Caught by cyber crooks

Richard Scott reckons he has reason to feel paranoid

Richard Scott

Last month we spoke of the dirty underworld of pickpockets. This month I wanted to look at the electronic version – fraud and identity theft – and I became a victim! What are the chances? Well, about 7%. According to an Attorney-General survey from June 2012, 7% of respondents had been a victim of identity theft in the past six months. Nearly a quarter had been, or knew someone who had been, scammed. I awoke to a call. I answered. It was a recorded message, so I hung up. My lady friend snappily inquired who was calling at such an ungodly hour. I replied, “Some automated message about fraud”, and rolled over. I awoke later to a sharp nudge in the ribs and Josephine on the phone to the bank. Turns out more than $500 had been pilfered from our joint account in four strikes while we slept, raising the suspicions of our bank’s fraud operations department.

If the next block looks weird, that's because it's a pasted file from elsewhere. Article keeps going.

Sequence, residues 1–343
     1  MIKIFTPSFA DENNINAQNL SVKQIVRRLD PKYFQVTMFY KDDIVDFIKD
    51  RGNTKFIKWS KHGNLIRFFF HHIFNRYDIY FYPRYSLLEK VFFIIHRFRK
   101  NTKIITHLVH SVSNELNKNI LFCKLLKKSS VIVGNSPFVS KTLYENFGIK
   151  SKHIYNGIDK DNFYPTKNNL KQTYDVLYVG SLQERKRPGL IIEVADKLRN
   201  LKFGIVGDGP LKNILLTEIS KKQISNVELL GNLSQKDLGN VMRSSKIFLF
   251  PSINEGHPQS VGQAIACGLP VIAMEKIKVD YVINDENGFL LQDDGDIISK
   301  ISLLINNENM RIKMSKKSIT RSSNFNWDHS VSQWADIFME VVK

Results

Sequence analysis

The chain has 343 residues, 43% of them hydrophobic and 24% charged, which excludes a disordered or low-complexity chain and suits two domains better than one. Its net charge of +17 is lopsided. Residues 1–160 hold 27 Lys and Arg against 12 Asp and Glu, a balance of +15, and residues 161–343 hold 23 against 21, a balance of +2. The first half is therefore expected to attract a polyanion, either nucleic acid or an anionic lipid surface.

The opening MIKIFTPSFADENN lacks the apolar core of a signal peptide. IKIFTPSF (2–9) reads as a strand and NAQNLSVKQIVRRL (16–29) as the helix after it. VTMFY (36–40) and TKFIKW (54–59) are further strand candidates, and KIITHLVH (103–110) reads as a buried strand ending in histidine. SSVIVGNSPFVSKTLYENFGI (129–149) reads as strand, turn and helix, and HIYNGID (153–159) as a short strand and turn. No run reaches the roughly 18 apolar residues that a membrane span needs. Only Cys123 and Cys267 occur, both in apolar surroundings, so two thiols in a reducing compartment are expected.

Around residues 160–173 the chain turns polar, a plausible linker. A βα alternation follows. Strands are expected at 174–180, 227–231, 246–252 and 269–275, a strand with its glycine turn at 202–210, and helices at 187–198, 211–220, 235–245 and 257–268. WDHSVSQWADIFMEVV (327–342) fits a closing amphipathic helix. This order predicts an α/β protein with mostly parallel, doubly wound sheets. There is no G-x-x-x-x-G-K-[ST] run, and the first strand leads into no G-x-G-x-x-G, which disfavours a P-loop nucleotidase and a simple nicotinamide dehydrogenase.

I hadn’t downloaded a virus or answered a Nigerian email, but they still got my details and went on a spree. I’m in a state of information paranoia and I suggest you join me. Check your online statements thoroughly – spot anything odd, get on the blower immediately. Always type websites into browsers (never click email links). Disable pop-ups. Make passwords harder. Always log out of online banking sites. Never use public computers for banking or payments. Enable security settings on your mobile. Shred all your letters. Lock your doors. Hide your kids, hide your wife.

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